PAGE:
The experiences of pregnant women attending a specialist service and using methamphetamine.

Angela O'Connor, Emma Harris, Dale Hamilton, Colleen Fisher, Mark Sachmann

Research output: Contribution to journalArticlepeer-review

8 Citations (Scopus)


Pregnant women attending the Specialist Drug and Alcohol Service in Perth use methamphetamine as their primary drug of choice. This is the only tertiary service for pregnant and postnatal women with complex Alcohol and Other Drug Use in Western Australia. It is a midwifery-led multidisciplinary team. Many of the women struggle with addiction, polysubstance use, co-occurring mental health, family and domestic violence, complex trauma and fear of Child Protection and infant removal. Therefore, the aim of this study was to understand the impact of methamphetamine use of pregnant women attending the service and explore and highlight the potential barriers to engagement and follow-up.

A qualitative study informed by phenomenological methods was undertaken using semi-structured interviews with 20 women with methamphetamine use attending the service in order to explore and understand the experience of using methamphetamine in pregnancy and the postpartum period. A thematic analysis was undertaken with data from the women in the study (n=20) to identify key themes.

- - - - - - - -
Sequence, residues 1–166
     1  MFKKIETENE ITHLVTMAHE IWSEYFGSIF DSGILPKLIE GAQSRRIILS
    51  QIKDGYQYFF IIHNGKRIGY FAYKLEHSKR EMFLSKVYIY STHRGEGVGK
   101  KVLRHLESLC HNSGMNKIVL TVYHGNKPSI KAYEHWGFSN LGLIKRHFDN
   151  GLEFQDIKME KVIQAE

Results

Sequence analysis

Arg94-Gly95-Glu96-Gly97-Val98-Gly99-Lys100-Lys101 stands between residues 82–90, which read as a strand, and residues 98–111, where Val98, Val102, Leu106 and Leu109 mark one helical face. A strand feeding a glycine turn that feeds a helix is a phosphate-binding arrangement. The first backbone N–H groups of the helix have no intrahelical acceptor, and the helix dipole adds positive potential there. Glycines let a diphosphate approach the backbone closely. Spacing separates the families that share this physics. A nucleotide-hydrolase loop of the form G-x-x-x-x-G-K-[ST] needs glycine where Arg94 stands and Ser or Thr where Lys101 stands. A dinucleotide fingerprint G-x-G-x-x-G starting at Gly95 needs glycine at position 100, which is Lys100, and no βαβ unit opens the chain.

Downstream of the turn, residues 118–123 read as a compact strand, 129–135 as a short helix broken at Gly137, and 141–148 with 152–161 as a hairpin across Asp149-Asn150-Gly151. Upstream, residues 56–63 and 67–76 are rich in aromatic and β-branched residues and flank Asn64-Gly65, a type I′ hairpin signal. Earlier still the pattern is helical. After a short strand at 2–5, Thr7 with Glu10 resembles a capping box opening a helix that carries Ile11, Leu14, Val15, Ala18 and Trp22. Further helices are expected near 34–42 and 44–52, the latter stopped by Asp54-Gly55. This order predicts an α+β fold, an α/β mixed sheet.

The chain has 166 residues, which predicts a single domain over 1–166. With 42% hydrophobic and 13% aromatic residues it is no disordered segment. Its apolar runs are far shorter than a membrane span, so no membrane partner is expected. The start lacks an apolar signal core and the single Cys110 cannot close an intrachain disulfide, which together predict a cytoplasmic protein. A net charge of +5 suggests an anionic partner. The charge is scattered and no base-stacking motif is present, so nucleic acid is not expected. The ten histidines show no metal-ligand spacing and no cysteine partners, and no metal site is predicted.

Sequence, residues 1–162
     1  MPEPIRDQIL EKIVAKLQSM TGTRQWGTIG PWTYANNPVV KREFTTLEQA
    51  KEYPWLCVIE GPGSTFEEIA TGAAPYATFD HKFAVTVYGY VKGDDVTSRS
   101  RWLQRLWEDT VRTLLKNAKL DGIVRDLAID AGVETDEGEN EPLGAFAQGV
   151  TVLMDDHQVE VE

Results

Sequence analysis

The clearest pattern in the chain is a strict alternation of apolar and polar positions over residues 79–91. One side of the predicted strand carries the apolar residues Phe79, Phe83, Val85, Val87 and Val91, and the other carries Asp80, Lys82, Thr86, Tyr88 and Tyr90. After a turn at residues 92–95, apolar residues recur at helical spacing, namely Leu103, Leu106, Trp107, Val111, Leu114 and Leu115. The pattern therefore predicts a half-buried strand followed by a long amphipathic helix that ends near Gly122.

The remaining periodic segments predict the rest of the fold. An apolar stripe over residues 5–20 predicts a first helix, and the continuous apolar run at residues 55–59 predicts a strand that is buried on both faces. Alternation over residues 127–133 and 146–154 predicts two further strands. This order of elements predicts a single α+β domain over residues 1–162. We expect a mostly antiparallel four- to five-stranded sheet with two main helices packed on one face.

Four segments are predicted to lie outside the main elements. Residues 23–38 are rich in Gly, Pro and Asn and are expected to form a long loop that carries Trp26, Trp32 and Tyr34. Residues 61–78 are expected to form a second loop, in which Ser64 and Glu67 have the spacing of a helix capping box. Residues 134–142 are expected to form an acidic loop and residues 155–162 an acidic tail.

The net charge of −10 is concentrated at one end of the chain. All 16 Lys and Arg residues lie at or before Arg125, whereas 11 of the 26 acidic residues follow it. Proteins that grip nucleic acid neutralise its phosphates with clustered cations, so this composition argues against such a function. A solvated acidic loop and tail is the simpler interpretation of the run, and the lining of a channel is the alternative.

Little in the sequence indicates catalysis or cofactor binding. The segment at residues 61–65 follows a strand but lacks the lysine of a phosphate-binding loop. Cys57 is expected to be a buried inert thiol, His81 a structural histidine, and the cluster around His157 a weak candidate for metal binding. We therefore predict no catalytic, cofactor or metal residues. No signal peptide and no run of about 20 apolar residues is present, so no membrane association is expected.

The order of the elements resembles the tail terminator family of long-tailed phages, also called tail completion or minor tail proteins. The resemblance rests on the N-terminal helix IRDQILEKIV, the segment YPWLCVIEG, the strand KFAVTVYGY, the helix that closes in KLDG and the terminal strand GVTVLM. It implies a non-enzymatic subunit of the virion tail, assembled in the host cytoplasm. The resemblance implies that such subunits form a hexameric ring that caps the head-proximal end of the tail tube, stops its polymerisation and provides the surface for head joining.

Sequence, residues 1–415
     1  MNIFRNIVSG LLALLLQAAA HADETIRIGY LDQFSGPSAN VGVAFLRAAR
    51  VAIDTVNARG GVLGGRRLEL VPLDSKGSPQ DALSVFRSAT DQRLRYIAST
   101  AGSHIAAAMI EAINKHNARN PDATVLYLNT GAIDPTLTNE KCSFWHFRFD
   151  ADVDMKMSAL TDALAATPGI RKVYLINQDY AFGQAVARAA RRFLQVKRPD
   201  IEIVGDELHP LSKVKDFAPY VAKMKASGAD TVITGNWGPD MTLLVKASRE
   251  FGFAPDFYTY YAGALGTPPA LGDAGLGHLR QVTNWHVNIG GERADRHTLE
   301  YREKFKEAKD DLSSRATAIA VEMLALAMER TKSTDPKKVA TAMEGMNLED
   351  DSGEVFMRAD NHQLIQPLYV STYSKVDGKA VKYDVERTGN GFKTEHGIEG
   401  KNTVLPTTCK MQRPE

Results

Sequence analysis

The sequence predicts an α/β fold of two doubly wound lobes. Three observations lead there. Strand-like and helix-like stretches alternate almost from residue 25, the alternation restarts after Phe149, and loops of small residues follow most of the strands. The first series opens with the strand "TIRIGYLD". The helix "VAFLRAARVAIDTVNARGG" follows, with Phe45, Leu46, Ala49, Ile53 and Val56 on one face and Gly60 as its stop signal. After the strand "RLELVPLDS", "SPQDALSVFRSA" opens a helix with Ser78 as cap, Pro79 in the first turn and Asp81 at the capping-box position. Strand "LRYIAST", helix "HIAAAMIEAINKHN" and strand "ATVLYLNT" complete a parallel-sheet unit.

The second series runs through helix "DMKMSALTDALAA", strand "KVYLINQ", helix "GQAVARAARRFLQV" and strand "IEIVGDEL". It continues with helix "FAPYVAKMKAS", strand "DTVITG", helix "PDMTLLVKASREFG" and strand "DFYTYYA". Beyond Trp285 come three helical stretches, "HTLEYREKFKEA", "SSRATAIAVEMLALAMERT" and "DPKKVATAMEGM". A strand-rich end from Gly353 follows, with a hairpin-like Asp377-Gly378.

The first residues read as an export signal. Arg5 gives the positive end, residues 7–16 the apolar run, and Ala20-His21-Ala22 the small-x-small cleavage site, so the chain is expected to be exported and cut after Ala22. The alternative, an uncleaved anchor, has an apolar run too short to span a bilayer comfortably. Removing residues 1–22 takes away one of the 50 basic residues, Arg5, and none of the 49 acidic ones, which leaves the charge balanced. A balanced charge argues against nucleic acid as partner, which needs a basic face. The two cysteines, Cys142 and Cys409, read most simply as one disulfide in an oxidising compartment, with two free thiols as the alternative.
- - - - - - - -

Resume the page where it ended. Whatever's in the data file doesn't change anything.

Key themes that emerged from the women's experiences detail their resilience and experience with methamphetamine and the impact that methamphetamine has on their life. A key concern for women regarding methamphetamine use and engagement with specialist services was the welfare of their child(ren). Agencies charged with child protection was a barrier to treatment because women feared disclosure of methamphetamine use would result in loss of child custody. Themes highlighted the multiple layers of adversities, and trauma from childhood to adulthood including, co-occurring drug use, mental health and life histories of trauma (abuse, violence, and neglect; intergenerational trauma; intergenerational drug and alcohol use, and child removal), the omnipresence of methamphetamine, and the impact on pregnancy and mothering.

We conclude that understanding the experiences of women and the impact methamphetamine use has on their life is paramount to providing effective and appropriate care to support pregnant women in a trauma-informed and woman-centred approach. Poor engagement in pregnancy care for women with methamphetamine use has significant impacts on mother and infant
Original languageEnglish
Pages (from-to)170-179
Number of pages10
JournalWomen and Birth
Issue number2
Early online date13 Feb 2020
Publication statusPublished - Mar 2021


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